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The lure of large IPOs

Suresh Krishnamurthy

Careful assessment is necessary to ensure that what you gain by investing in the IPOs is not lost by staying, or not staying, invested in the secondary market. However, these are only short-term considerations. So, long-term investors — if they are not worried about the need to add value — can forget these complicated issues and remain invested.

INITIAL public offers have always fascinated investors, world-over. In India, there were two bouts of excesses in the IPO market — one in 1994-1996, the other in 1999-2000. In both these instances, investors would have made money in the case of a few IPOs.

Long-term investors would have had the opportunity to add a promising stock to the portfolio.

Speculative investors got many chances to flip the stock — that is, sell the stock obtained in the IPO on listing for a profit.

Both long-term and speculative investors may have lost money in quite a few cases.

Still, if the promise of a quick buck, or of investing in an admired company, exists, IPOs will continue to attract investor interest.

Promising scene: The number of large IPOs in the pipeline should show promise for both long-term and speculative investors.

The line up of companies, such as TCS, BPCL, Nalco, Coca-cola, Maruti and LG, is as imposing as it is impressive.

One estimate has it that IPOs worth Rs 30,000 crore are to hit the market in the course of the next 12 months.

If even half of the promised IPOs materialise, investors will have major opportunities to buy stocks with the potential to deliver above-average returns over the long-term.

That said, it also means that investors need to alter their investment strategy to account for these IPOs.

Have cash on you: Primarily, investors need to be armed with cash to take advantage of the situation.

How many times have you looked at an attractive IPO wistfully because you do not have the cash on hand to participate in the offer?

To ensure that does not happen again, one needs to plan carefully the cash needs over the next 12months. Cash set aside for investing in IPOs may need to be invested in cash and cash equivalents.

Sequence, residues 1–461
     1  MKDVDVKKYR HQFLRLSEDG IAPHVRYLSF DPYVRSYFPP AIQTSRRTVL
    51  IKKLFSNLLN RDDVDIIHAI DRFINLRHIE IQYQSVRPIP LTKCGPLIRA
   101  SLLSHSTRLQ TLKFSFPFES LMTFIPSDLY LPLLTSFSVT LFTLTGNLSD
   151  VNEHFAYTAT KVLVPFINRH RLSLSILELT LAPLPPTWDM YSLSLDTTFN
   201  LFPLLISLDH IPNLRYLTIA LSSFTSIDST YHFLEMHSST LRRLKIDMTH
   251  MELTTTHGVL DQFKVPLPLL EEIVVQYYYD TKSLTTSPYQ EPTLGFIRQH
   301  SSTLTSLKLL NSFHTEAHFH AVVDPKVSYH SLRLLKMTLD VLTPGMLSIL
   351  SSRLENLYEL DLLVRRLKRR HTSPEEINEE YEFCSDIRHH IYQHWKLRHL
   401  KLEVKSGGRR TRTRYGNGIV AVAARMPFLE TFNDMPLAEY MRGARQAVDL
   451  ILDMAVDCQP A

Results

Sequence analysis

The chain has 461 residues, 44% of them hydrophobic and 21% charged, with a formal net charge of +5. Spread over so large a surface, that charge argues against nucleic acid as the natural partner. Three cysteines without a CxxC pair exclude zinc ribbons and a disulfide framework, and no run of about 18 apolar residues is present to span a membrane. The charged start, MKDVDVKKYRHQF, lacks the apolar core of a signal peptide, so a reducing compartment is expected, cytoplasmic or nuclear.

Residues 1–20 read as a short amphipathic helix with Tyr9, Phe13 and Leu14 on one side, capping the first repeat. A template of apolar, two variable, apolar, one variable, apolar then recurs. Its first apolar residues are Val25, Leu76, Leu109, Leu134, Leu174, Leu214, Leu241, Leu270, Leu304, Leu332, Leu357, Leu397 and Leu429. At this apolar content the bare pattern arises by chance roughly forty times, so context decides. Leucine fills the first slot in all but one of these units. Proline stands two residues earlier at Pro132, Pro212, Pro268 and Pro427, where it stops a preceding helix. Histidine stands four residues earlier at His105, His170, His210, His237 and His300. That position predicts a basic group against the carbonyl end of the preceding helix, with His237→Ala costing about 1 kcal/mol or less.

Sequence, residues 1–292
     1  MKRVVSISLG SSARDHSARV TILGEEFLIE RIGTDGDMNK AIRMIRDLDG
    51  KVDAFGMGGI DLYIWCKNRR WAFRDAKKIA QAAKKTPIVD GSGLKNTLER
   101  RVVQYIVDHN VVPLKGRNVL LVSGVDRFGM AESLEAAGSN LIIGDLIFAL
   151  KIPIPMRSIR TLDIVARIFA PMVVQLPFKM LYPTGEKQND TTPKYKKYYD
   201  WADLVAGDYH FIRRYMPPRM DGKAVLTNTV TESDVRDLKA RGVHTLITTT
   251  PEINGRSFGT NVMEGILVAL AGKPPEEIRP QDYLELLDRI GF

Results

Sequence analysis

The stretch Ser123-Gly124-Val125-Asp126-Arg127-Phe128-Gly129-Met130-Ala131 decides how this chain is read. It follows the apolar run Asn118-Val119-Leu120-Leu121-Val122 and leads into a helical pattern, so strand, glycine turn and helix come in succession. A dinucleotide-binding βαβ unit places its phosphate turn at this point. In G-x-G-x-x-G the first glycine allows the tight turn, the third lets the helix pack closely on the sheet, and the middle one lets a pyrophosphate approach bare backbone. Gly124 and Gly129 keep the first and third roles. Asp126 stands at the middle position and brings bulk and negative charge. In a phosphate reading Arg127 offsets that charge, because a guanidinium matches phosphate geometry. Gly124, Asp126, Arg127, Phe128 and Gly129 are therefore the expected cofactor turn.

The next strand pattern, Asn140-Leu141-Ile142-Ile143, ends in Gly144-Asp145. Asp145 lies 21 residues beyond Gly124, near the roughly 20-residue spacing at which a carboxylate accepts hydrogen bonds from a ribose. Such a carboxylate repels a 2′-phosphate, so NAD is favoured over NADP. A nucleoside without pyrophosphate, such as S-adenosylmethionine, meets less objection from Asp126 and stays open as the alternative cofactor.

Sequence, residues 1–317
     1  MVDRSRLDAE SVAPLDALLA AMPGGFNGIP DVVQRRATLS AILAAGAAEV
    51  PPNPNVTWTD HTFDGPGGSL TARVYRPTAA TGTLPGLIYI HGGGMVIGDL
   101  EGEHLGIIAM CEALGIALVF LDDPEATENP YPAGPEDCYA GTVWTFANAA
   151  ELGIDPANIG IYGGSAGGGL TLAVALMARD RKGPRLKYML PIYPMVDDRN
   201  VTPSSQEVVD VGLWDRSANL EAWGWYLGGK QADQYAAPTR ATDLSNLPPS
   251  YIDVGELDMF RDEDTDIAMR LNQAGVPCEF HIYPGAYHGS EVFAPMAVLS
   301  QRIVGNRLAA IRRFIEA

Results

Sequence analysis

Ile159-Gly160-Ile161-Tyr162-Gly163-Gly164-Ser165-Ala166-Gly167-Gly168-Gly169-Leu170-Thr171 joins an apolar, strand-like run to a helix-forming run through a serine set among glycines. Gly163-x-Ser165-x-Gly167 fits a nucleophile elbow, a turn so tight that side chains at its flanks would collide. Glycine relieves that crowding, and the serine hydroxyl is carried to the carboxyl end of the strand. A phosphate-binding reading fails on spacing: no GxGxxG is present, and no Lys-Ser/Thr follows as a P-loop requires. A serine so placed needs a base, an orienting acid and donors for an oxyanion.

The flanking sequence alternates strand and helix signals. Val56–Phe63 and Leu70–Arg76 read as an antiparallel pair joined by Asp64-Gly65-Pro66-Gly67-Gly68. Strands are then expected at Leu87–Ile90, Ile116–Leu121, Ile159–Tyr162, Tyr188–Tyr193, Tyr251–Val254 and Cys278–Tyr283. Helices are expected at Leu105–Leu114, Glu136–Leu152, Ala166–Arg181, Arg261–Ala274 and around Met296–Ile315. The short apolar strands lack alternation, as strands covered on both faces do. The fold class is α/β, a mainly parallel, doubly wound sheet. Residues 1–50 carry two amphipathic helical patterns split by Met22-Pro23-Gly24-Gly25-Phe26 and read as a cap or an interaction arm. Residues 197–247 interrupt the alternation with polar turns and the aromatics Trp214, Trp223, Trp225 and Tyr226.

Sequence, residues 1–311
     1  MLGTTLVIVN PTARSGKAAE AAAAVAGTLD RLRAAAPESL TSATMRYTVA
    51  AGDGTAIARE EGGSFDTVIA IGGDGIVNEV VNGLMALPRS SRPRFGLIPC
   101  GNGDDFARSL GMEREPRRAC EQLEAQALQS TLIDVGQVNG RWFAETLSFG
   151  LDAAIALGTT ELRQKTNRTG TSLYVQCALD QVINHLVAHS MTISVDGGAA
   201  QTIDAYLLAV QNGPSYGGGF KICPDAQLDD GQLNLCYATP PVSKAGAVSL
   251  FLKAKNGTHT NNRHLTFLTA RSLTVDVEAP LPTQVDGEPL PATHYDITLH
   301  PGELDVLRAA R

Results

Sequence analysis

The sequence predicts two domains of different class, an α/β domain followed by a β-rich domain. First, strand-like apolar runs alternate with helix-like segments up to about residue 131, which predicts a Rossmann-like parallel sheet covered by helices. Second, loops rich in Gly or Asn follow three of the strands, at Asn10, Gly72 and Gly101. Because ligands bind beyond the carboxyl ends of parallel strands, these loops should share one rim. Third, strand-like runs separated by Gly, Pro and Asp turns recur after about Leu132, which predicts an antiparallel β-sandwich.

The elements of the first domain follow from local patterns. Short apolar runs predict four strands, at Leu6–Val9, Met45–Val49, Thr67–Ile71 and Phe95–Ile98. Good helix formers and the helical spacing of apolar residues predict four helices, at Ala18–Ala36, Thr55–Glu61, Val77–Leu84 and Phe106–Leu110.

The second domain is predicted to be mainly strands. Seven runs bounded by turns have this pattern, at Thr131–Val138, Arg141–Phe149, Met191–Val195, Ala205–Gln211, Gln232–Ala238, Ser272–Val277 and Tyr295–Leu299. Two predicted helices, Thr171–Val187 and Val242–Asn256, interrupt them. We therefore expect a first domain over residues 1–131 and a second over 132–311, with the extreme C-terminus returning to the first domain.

Stocks are, indeed, liquid. However, you may be forced to sell when your investment is still to make money for you.

If that does not bother you, you may stay invested in equities and invest in IPOs by rebalancing your portfolio.

Restrained valuation: There is also the implication for secondary market valuations.

Large IPOs need the support of institutional investors. Institutional investors for their part may not be able to bring in fresh money.

They may sell their holdings and invest the cash in these IPOs. That may, theoretically, spell a period of restrained valuations for the stocks.

Expanding universe: On the other hand, a thriving market for IPOs has always been either preceded or accompanied by rising prices in the secondary market in the past (for instance, the bull run in 1994 and 1999).

As the number of stocks with sound prospects increases, so does the ability of an investor to meaningfully diversify his investments.

That prospect may itself be enough to attract large doses of foreign capital into India. Such liquidity can lead to rising prices in the secondary market.

Equities for long term: Overall, there will be several forces at work. Careful assessment is necessary to ensure that what you gain by investing in the IPOs is not lost by staying, or not staying, invested in the secondary market.

However, these are only short-term considerations.

Over the long-term, what matters is whether you remain invested in equity. That will determine the rate of growth of your portfolio.

So, long-term investors — if they are not unduly bothered about the need to add value — can forget these complicated issues and remain invested.

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